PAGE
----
The brothers claimed that “evidence was insufficient to support their convictions, a mistrial should have been declared after a witness testified that one of the brothers was a gang member, newly discovered evidence discredits the state’s theory of motive and that their sentences were excessive,” among other assertions.

In a ruling filed Sept. 14, the court rejected their claims and affirmed their convictions and sentences.

The Nejad brothers were sentenced in September 2008 for their parts in an August 2006 incident at Edwin Warner Park in which gang members opened fire on a Metro parks police officer.

Several KPG members, including the Nejads who planned the retribution killing, were about to ambush Brown Pride member Darion Coleman, for a robbery during a previous drug deal, when Officer James Spray happened upon the scene.

The officer approached a parked car that was being used for bait. The car sped away and as Spray pursued it, his patrol car was shot several times. It was later determined that Ako Nejad, one of the men lying in wait behind trees in the park, had shot the car, coming within inches of hitting Spray’s head.
Source : http://nashvillecitypaper.com/content/city-news/kurdish-pride-gang-members-stay-behind-bars

Street gang emerges from Kurdish community in Nashville
By Theo Emery
Published: Sunday, July 15, 2007

NASHVILLE, Tennessee — Miles from downtown, the southern neighborhoods of Nashville are home to a thriving enclave of Kurdish immigrants.

Just off a wide commercial strip called Nolensville Pike, women in head scarves shop at the Judy International Market. Lunch traffic is brisk at al-Rasoul Restaurant, and on the door of a local mosque, a flier announces Kurdish soccer league sign-ups.

Bound by a common language and ethnicity, Kurds here tend to shun attention. But a growing problem has turned an unwanted spotlight on them: a group called the Kurdish Pride Gang, thought to be the only Kurdish street gang in the United States.


After a series of high-profile crimes, a teenage suspect's suicide and four arrests connected to the attempted murder of a police officer, Kurdish Pride has become a source of deep shame and frustration among Kurds as they find that their youth are as vulnerable to gang culture as are those of other populations.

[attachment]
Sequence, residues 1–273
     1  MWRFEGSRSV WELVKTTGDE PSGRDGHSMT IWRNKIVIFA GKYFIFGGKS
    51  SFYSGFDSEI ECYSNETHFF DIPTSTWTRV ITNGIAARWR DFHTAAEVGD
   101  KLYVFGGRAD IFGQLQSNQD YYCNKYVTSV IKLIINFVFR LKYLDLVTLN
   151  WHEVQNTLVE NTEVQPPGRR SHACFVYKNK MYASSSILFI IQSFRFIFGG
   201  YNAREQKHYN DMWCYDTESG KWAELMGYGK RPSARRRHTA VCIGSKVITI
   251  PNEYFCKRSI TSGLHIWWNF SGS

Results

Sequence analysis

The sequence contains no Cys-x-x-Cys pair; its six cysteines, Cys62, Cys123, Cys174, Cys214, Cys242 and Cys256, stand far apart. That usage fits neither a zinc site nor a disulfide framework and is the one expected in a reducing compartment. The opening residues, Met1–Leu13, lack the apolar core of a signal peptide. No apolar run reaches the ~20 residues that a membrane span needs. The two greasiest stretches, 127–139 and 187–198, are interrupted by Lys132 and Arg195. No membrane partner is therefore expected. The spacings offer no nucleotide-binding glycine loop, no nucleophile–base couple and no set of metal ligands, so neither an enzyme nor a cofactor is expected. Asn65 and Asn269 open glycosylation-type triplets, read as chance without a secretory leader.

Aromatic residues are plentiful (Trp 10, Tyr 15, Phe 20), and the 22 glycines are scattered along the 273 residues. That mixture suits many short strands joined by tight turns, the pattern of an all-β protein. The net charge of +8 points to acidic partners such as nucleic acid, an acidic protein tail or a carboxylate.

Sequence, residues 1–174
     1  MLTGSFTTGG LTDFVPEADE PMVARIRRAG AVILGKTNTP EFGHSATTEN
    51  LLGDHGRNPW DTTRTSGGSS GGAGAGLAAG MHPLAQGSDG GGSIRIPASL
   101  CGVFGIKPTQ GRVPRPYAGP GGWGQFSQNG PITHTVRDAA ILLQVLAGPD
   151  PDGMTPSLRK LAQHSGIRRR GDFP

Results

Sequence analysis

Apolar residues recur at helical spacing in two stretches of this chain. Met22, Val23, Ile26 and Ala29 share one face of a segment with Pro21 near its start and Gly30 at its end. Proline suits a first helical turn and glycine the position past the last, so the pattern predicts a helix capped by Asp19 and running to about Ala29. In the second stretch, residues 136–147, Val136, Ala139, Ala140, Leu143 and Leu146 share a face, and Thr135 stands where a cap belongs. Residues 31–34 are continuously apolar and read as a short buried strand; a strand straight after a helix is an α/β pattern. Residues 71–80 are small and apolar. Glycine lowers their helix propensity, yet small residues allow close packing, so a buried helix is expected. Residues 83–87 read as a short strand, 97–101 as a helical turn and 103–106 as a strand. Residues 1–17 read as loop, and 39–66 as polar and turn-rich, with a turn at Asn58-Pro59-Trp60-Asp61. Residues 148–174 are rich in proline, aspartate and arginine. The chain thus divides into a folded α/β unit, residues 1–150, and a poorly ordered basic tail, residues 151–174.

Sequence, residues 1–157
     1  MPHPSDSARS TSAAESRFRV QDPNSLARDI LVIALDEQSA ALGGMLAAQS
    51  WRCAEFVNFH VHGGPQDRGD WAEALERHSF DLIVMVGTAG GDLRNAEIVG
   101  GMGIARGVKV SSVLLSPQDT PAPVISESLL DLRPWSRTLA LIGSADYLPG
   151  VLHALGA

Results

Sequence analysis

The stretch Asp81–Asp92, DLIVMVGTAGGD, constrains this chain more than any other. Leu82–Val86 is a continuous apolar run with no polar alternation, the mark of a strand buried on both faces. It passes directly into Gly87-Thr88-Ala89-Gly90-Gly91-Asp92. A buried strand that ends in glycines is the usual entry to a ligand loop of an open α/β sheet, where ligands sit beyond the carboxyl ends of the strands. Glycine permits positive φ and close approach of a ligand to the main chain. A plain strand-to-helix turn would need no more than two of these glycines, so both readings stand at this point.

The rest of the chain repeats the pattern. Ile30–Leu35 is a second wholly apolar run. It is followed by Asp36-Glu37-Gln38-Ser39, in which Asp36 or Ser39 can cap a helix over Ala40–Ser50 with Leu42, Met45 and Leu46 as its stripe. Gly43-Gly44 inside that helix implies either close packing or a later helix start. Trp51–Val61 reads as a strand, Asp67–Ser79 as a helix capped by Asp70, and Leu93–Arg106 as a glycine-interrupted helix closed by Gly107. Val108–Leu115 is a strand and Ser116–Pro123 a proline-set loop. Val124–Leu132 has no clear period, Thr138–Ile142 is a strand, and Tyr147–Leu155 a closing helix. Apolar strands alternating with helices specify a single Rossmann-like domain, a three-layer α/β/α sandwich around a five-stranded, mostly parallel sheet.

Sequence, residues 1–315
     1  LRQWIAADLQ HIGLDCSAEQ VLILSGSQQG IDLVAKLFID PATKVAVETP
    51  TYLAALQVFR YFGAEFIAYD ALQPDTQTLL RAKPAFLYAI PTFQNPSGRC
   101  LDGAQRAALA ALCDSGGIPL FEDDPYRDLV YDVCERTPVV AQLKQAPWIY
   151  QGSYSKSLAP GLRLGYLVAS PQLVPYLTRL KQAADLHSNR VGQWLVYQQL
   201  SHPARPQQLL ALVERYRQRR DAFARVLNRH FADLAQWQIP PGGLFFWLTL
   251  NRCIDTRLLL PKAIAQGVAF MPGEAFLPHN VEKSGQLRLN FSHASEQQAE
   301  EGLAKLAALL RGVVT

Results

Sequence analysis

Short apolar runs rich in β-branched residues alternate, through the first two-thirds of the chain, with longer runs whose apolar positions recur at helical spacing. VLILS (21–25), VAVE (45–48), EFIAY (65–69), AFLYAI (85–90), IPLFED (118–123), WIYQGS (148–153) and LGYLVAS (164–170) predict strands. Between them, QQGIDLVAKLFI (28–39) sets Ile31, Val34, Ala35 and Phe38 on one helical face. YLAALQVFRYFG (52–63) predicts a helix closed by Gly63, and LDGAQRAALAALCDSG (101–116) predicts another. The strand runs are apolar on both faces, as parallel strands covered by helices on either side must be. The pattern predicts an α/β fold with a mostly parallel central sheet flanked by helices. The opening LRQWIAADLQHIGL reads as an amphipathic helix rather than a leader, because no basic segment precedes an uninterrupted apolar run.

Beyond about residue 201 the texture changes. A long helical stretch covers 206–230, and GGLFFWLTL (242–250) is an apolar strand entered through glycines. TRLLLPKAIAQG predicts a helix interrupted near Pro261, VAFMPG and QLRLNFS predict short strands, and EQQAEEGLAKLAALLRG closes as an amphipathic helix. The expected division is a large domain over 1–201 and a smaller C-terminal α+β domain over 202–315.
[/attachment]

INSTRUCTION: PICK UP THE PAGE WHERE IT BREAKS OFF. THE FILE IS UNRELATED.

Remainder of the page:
Kirmanj Gundi, an associate professor of educational administration at Tennessee State University who came to Nashville in 1977, said the gang's activities have upended decades of hard work.

"We did everything to build a good reputation here in Nashville and elsewhere, and tried to be good Americans," said Gundi, 46, who is Kurdish. "And all of a sudden, a few irresponsible hoodlums have tried to tarnish the reputations we've been working so hard over the years to create. That's sad."

Kurds are an ethnic group spread across parts of Iraq, Turkey, Syria and Iran, in a region collectively called Kurdistan. The Kurdish community in Nashville grew up around those who fled Iraq in the 1970s after the collapse of an autonomy movement; Kurds from elsewhere followed.

Now numbering about 8,000, the Kurdish community is well established here. Public access television carries a show, "Who Are the Kurds?" Community members boast of their college students and business owners. A popular bar in the city's Rock Block of nightclubs is Kurdish-owned.

But some see the success of their diligence losing ground because of the gang, which is estimated to have 20 to 30 members ranging in age from their teens to mid-20s.

Police officials say that Kurdish Pride members have grown increasingly vicious and brazen. Mark Anderson, a Nashville police detective who works in a gang unit, said investigators believe the gang has committed about 10 home burglaries since January, including two involving rapes.

In a case involving the rape of a pregnant victim, a 17-year-old suspect, Zana Noroly, hanged himself in his jail cell in April.

Messages in his memory are ubiquitous on the Web pages of Kurdish youth.

There was an assault in which a student was dragged from a high school classroom and beaten, and another during the school graduation that left the victim hospitalized. Kurdish Pride members have been accused of shooting at a rival gang, wounding three, and also beating a man to death in January at a motel, Anderson said.

Earlier this month, a grand jury indicted four members of the gang for conspiracy to commit first-degree murder in a case in which a gang leader, Ako Nejad, is accused of shooting at a park police officer who interrupted a drug deal last year. The members have adopted older gangs' symbols, adorning their MySpace pages with photos of the rapper Tupac Shakur and slogans like "Live and Die 4 Kurdish Pride." They sport tattoos and gang colors and flash hand signals.